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Thread: Next great mathematical invention

  1. #1 Next great mathematical invention 
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    Hi , I was thinking about this , as you know calculus was used many years before the explicit work of both Newton and Leibniz , it was used the hard way , unrecognized , scattered and buried among unrelated formulas and topics.
    The golden question is ; what if there is another revolutionary mathematical "principle" "tool" "method" (call it what you want) lurking on the orizon and living incognito inside the works of mathematicians ?!
    Do you have some insights on what would it be like ?
    Everyone who works with math , experiences sometimes the "aha" feeling when meeting with some beautiful pattern or similarity or a connection between unrelated stuffs , that would be a great hint for this subject.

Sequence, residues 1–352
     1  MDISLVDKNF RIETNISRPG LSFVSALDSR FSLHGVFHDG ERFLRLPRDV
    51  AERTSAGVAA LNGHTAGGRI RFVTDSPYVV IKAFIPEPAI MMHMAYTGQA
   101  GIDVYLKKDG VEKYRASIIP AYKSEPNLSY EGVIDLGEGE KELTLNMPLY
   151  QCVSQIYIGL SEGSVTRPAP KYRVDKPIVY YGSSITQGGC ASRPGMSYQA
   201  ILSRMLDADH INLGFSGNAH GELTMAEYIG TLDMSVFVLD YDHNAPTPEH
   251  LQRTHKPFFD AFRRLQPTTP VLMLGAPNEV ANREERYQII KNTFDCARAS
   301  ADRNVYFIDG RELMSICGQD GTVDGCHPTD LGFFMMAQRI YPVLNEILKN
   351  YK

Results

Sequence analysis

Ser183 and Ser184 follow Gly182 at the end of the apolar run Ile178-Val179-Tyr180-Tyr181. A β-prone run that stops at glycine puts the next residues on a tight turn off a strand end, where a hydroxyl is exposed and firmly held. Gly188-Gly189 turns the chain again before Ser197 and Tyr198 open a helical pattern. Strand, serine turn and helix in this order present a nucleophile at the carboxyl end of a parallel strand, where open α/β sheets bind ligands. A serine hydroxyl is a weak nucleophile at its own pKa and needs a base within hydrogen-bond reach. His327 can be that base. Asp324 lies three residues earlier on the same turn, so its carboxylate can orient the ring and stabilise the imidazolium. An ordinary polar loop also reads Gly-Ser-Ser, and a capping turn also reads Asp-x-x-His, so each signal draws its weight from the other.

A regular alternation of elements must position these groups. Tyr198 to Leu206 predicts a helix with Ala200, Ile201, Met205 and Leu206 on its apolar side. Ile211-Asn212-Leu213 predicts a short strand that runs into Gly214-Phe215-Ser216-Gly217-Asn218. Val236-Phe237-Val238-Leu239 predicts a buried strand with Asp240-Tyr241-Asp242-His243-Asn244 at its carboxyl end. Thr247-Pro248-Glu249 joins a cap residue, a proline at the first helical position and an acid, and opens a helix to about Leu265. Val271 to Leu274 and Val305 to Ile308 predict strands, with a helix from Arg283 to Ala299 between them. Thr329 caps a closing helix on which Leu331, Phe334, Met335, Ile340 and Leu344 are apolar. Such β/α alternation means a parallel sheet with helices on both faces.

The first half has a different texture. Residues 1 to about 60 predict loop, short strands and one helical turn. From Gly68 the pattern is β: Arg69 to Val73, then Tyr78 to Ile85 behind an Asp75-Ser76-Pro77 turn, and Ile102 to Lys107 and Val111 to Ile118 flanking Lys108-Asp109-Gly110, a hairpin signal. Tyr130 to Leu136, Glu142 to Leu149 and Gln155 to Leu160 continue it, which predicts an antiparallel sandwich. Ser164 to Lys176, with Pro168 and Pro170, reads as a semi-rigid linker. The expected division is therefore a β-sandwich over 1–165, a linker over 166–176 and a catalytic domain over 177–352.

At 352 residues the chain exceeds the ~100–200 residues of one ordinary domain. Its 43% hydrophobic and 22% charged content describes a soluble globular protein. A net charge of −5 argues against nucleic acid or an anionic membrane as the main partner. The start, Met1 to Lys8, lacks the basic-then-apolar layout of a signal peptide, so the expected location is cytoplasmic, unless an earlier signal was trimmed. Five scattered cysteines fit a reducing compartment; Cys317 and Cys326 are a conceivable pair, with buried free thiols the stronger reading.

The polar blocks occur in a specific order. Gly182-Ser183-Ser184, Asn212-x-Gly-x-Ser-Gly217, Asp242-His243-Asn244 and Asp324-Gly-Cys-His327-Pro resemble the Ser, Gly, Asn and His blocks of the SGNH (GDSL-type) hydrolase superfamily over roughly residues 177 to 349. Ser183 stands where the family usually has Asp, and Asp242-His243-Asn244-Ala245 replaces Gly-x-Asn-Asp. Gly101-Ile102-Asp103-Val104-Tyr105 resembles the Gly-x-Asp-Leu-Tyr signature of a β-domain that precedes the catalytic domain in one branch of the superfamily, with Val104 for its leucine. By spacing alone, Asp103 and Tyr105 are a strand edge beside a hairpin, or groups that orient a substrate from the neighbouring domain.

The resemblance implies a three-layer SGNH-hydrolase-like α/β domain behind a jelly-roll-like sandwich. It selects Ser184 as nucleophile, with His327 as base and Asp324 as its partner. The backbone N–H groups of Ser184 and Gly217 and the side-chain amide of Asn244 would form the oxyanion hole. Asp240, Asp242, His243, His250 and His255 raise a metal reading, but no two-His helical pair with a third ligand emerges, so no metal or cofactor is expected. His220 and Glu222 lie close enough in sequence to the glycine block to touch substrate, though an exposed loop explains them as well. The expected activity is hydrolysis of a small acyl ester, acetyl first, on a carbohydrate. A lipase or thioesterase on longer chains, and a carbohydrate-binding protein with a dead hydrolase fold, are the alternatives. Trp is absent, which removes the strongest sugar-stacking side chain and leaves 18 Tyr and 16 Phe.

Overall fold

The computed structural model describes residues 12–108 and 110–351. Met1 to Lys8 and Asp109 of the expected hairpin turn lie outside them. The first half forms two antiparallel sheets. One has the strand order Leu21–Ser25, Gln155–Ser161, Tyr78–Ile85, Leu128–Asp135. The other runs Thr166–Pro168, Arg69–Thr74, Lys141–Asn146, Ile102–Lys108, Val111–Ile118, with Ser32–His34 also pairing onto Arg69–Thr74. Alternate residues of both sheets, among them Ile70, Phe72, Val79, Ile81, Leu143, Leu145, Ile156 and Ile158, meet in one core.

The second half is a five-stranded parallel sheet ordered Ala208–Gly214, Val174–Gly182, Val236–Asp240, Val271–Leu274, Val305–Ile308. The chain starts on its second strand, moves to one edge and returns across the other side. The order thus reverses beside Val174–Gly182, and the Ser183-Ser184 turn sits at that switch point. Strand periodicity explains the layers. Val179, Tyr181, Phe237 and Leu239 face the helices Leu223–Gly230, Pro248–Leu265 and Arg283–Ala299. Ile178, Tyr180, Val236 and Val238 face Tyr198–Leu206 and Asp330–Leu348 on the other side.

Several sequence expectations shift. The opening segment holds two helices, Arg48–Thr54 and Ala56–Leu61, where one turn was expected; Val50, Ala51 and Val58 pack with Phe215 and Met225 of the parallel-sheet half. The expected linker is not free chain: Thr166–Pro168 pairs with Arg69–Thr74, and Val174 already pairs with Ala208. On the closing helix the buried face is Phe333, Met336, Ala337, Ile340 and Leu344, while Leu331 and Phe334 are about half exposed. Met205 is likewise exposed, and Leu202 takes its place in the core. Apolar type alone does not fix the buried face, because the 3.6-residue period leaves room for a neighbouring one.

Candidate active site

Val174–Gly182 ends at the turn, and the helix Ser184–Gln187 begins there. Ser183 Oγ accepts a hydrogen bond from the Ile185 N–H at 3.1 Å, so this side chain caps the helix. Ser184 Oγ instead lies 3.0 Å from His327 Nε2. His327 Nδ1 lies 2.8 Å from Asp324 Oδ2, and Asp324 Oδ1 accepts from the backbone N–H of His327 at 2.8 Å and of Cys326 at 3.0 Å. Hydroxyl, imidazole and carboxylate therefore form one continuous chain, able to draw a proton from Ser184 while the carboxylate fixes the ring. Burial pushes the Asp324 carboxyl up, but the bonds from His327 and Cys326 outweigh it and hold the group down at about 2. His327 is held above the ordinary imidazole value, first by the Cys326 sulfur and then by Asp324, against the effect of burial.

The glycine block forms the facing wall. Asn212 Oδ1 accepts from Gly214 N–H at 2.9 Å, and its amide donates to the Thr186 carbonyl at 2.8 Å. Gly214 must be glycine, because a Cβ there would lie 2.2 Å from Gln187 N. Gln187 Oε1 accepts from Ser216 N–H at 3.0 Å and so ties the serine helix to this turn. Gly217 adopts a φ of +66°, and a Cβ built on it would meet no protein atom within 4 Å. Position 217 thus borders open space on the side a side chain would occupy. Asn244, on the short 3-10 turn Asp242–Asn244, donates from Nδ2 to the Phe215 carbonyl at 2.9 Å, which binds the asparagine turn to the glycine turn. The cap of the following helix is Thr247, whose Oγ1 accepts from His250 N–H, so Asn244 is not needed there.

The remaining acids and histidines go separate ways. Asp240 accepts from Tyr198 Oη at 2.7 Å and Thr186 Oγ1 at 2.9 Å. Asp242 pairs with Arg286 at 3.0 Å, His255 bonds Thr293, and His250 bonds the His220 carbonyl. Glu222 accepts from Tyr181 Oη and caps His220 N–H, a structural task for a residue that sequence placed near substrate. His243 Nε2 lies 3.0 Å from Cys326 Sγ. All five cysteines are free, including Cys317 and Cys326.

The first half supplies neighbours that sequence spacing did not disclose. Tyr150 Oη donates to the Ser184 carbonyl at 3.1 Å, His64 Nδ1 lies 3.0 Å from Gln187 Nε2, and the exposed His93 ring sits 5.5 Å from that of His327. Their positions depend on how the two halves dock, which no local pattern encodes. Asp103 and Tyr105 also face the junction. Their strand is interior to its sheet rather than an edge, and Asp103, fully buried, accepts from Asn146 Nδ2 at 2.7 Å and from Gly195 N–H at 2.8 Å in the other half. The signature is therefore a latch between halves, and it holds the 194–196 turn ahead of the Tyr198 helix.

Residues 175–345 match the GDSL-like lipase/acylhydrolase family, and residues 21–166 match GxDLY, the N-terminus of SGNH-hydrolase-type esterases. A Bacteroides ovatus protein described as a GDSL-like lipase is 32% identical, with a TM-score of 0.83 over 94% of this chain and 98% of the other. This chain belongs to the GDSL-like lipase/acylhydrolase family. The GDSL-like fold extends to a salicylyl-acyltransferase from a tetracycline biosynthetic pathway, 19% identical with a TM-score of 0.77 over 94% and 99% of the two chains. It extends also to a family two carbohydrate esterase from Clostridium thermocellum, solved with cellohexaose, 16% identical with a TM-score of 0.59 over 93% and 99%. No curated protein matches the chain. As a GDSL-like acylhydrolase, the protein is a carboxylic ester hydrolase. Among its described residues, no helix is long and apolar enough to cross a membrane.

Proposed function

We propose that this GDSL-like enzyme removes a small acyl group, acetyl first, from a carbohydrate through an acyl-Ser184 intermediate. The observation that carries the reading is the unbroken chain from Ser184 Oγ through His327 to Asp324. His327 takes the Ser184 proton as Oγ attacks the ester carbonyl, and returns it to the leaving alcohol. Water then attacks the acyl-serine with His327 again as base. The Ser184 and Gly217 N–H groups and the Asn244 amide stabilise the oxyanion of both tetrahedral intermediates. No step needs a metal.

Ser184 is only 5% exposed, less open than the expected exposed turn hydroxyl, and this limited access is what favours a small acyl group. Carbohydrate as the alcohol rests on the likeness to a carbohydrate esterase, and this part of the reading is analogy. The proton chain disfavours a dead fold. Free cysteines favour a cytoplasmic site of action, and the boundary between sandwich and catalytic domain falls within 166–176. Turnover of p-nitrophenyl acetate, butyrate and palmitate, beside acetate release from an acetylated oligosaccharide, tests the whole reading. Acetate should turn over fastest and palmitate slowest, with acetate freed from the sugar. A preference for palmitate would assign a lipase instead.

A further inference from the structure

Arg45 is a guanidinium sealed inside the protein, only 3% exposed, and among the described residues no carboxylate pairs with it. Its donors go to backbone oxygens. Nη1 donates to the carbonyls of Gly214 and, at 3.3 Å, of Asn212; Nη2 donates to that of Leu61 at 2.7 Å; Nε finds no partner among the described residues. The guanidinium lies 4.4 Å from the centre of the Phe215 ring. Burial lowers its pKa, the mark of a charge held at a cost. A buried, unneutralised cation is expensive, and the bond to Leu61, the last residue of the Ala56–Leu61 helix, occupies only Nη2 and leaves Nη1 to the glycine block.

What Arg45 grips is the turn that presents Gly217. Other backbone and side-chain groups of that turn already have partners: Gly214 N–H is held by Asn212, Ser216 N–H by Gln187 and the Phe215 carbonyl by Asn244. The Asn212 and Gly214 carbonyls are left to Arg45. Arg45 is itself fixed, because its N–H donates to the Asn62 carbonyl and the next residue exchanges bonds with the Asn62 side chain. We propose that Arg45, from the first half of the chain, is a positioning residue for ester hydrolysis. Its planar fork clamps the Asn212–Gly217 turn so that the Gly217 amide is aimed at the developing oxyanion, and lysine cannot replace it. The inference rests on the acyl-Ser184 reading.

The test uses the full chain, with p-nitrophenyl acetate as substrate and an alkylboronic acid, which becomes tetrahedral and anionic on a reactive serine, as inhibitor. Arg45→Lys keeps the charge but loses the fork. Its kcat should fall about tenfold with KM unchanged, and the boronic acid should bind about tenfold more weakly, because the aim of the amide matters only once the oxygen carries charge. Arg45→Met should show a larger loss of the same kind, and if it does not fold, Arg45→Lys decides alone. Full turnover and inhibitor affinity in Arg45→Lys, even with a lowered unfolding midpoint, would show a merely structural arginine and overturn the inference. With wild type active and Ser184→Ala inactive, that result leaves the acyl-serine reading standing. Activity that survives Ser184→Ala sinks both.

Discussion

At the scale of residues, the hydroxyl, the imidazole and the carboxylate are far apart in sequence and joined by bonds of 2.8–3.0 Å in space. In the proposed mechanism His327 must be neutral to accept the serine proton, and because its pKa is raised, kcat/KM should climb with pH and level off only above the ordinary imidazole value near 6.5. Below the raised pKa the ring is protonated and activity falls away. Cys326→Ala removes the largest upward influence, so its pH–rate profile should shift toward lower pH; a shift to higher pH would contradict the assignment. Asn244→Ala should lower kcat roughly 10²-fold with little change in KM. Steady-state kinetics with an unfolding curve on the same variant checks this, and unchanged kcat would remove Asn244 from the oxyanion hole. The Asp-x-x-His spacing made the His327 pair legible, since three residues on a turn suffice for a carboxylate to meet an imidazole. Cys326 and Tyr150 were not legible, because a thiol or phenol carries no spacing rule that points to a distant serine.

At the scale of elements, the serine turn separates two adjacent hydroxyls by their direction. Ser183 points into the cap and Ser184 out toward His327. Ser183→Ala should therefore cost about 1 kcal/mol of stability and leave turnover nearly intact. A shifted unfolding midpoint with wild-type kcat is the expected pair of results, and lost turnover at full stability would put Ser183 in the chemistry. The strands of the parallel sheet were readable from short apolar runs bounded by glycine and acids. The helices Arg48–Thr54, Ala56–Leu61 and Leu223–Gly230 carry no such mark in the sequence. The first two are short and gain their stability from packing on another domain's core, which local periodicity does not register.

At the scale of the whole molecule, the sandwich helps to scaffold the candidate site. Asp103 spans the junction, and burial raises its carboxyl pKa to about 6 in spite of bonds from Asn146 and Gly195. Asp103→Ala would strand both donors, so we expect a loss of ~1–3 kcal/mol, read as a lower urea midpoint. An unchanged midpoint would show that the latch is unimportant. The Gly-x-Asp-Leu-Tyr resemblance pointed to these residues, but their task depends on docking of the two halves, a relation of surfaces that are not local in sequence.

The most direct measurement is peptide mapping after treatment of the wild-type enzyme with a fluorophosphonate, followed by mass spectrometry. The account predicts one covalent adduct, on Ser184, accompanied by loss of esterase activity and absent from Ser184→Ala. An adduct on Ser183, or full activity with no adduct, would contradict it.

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  3. #2  
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    This isn't likely.

    In the old days, (And I do mean old) knowledge was greedily possessed, nothing like how it is shared today.

    The details are lengthy, and I'm going away now so maybe I'll type on this later. That one line sums it up pretty directly, though.


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    Meh anyway... In the old days, for example, the age of the Library of Alexandria, and the days of Nobles and royalty - Higher education was reserved for the wealthy and the elite. The common (And by far, the majority) of people simply did not have access to higher education or usually, even mid level education.